Petitioner did not file timely Federal income tax returns for the years in issue for himself, for the law firm, or for other entities with which he was involved. On July 9, 1980, he filed an individual joint return for 1976. Petitioner did not file a Federal income tax return for 1977. No later than 1982, the Internal Revenue Service (IRS) commenced an investigation of petitioner. On April 3, 1986, petitioner pleaded guilty to failure to file his personal income tax return for 1979 in violation of section 7203. On May 19, 1986, he filed individual joint returns for 1978, 1979, and 1980 in order to receive favorable consideration at the time of sentencing on his conviction.

In late 1979 or early 1980, attorneys for petitioner employed William Lipton (Lipton), who was then a partner at the accounting firm of Ernst & Whinney, to prepare petitioner's Federal tax returns for 1978, 1979, and 1980. For approximately 3 years, Lipton attempted to reconstruct for petitioner books and records in order to prepare returns. The records, however, were in terrible shape, consisting of nothing but check stubs and canceled checks. Brian Onofrio (Onofrio), an employee of petitioner, also attempted to reconstruct petitioner's records in order to prepare tax returns for the years in issue. Richard Timbie (Timbie) was one of several lawyers representing petitioner in relation to his failure to file returns.

Petitioner's return filed for 1976 reported adjusted gross income of $4,315.86. He claimed a loss from the law firm as a subchapter S loss and did not report the income received from Bergman & Barth. Petitioner's returns for 1978, 1979, and 1980 reported adjusted gross income of $69,434, $21,773, and $126,685, respectively. Attached to each return, on the advice of Timbie, was a statement that the income reported on the return did not include amounts "withdrawn by the taxpayer from this law firm and other related entities. Those withdrawals were contemporaneously recorded as loans and were repaid by the taxpayer in the taxable year or in subsequent years." The amounts thus excluded from taxable income reported on the returns were $174,300 for 1978, $282,900 for 1979, and $83,600 for 1980.

No loan documents were ever prepared or executed by petitioner. The amounts claimed to be loans were reconstructed from notes on check stubs, and no records showing actual repayments were maintained. On the financial statements that he submitted during the years in issue, as set forth above, petitioner did not disclose any loans due to the law firm or his other entities.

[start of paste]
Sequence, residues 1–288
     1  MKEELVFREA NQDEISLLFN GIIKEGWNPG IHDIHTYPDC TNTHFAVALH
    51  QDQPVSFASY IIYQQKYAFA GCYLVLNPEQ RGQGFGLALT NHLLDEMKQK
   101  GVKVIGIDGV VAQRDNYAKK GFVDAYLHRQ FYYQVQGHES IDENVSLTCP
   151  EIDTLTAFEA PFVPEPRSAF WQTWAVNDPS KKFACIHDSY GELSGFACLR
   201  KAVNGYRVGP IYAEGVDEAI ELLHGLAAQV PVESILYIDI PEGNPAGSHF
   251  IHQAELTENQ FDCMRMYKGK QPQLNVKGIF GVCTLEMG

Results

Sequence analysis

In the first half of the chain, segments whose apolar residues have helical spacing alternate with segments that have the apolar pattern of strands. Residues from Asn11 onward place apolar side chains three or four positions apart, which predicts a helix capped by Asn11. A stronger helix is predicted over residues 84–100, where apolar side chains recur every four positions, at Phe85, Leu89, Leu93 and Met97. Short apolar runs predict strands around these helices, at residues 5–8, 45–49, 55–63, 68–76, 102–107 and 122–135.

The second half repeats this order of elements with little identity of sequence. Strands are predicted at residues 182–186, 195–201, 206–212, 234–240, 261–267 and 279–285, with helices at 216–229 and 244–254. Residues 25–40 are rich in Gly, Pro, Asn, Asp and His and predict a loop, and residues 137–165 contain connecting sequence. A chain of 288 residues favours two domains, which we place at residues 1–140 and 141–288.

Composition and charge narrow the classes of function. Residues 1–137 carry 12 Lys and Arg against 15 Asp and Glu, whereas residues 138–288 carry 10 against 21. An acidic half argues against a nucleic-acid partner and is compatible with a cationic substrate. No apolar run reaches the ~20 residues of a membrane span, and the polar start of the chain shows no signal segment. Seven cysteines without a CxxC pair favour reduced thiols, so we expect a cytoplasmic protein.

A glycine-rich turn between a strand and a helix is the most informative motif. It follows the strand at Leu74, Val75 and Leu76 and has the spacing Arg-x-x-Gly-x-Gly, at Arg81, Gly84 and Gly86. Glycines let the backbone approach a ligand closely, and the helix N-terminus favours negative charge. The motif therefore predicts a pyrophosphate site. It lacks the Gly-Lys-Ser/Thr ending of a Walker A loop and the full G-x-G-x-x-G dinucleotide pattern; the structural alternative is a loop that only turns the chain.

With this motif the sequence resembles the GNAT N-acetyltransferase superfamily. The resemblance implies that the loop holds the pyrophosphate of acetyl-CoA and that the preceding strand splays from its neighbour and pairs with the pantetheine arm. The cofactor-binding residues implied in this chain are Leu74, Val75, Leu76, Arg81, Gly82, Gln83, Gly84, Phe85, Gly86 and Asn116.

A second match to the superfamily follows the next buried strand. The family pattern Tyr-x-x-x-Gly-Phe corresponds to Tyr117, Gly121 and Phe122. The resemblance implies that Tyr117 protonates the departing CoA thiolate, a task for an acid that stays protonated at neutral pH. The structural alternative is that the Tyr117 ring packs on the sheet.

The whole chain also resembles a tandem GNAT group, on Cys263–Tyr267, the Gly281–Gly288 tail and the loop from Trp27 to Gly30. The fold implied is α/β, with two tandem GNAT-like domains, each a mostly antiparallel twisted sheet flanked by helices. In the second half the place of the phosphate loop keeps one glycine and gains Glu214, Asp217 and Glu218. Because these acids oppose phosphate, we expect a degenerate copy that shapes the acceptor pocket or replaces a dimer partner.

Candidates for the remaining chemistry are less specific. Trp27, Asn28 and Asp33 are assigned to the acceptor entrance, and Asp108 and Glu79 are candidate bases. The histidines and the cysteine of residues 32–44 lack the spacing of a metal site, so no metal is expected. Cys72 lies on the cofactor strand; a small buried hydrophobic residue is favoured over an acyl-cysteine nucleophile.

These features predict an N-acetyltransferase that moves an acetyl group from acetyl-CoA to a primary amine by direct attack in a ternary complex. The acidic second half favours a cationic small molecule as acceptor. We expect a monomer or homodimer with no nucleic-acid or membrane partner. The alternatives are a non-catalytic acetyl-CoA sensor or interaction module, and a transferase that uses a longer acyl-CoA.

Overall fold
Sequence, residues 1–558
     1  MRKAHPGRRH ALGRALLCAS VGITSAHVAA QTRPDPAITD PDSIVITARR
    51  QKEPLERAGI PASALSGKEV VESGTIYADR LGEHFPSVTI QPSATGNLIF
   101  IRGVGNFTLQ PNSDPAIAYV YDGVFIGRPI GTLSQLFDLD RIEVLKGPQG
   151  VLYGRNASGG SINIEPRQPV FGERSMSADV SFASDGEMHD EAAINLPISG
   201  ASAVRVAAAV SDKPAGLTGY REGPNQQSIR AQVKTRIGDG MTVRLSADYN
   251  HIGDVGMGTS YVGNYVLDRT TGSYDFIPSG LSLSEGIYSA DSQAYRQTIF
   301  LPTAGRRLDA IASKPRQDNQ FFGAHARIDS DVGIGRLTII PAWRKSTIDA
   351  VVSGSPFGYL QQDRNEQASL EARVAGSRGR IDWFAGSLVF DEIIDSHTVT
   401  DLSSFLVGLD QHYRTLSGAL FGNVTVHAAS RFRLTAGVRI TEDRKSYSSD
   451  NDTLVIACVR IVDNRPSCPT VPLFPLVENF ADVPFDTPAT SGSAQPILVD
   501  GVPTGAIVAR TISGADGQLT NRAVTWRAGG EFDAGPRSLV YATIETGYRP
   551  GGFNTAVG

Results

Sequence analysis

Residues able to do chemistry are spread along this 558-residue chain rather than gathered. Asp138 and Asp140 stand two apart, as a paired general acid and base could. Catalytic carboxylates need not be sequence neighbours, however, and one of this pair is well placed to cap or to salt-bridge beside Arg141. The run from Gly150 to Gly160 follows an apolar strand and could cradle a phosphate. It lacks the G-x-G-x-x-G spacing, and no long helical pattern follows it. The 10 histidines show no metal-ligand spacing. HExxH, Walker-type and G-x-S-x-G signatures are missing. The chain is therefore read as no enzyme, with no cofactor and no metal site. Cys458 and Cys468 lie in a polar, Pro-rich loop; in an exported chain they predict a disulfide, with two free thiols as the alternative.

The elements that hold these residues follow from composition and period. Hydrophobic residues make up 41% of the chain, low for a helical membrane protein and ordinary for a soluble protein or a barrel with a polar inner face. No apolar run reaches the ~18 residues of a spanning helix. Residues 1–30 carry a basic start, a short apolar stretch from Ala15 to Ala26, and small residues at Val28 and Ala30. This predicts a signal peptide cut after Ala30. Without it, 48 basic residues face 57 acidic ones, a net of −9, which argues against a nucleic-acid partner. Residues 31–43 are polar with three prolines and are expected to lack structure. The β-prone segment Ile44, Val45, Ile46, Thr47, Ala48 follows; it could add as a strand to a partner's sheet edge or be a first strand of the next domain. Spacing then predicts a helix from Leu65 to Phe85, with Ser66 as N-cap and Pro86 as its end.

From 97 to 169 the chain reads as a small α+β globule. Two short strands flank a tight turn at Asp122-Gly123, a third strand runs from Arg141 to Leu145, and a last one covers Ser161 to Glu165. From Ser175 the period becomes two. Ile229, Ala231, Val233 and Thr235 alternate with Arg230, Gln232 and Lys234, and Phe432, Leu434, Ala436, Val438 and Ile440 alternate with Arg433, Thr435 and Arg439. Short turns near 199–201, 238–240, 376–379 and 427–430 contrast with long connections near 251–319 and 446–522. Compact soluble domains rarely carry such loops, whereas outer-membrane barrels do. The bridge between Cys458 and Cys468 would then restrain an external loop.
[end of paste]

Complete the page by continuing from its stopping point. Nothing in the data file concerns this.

After examination of the returns belatedly filed by petitioner, respondent determined that petitioner had additional compensation, interest, and other income for the years in issue. For 1976, respondent determined that no election was filed to qualify the law firm as an S corporation and that it had not been established that any deductible loss was sustained. The net adjustments determined by respondent increased petitioner's income by $306,673 for 1976, $226,905 for 1978, $396,008 for 1979, and $327,194 for 1980. Respondent also determined that petitioner had unreported taxable income of $238,640 for 1977. From 1991 through 1995, petitioner failed to provide to respondent any indication that these amounts were incorrect.

OPINION

Before discussing our conclusions with respect to fraud, we set forth the lengthy procedural history of this case. That history explains in part why we conclude that petitioner's representations are not credible and why we determine the deficiencies in issue against him by reason of his defaults.

Procedural History

In his petition filed June 10, 1991, petitioner alleged that all of respondent's determinations were in error. As the facts upon which he relied, he alleged:

(A) At the present time, due to my incarceration at the Federal Correctional Institute Danbury, Route 37, Pembroke Station, Danbury, CT 06811, it is impossible for me to allege facts in support of my assignments of error as the necessary records and documents are not available to me. Upon my release, I will prepare an amended petition in order to comply with the Court's Rules.

Petitioner designated New York, New York, as the place of trial for this case.

Petitioner never sought leave to file an amended petition. In the answer, respondent alleged, in support of the determination that the underpayments of tax for the years in issue were due to fraud, facts concerning petitioner's education and employment; his failure to file timely returns; the omission of substantial amounts of income on the returns that were belatedly filed; and his failure to maintain, or to submit for examination, complete and adequate books and records. Petitioner belatedly filed a reply, denying the allegations but not setting forth any specific facts contradicting them.

By notice served August 28, 1992, this case was set for trial in New York on February 1, 1993. On November 10, 1992, petitioner filed a Motion for Continuance and a Motion to Change the Place of Trial to Hartford, Connecticut. In the Motion for Continuance, petitioner represented that he was released from the Federal Correctional Institute on August 22, 1991, and, since then, had been attempting to obtain his records to prepare properly for trial. He also represented that he had been attempting to accumulate sufficient funds to retain counsel. Petitioner's motions were granted.

By notice served January 6, 1993, the case was set for trial on June 7, 1993, in Hartford, Connecticut. On May 13, 1993, petitioner filed a Motion for Continuance, representing that he had been indicted by the United States on several counts of mail fraud, that his mail fraud trial was scheduled to commence on May 10, 1993, and that he was unable to prepare for trial in this case during the mail fraud trial. Respondent did not object, and petitioner's motion was granted.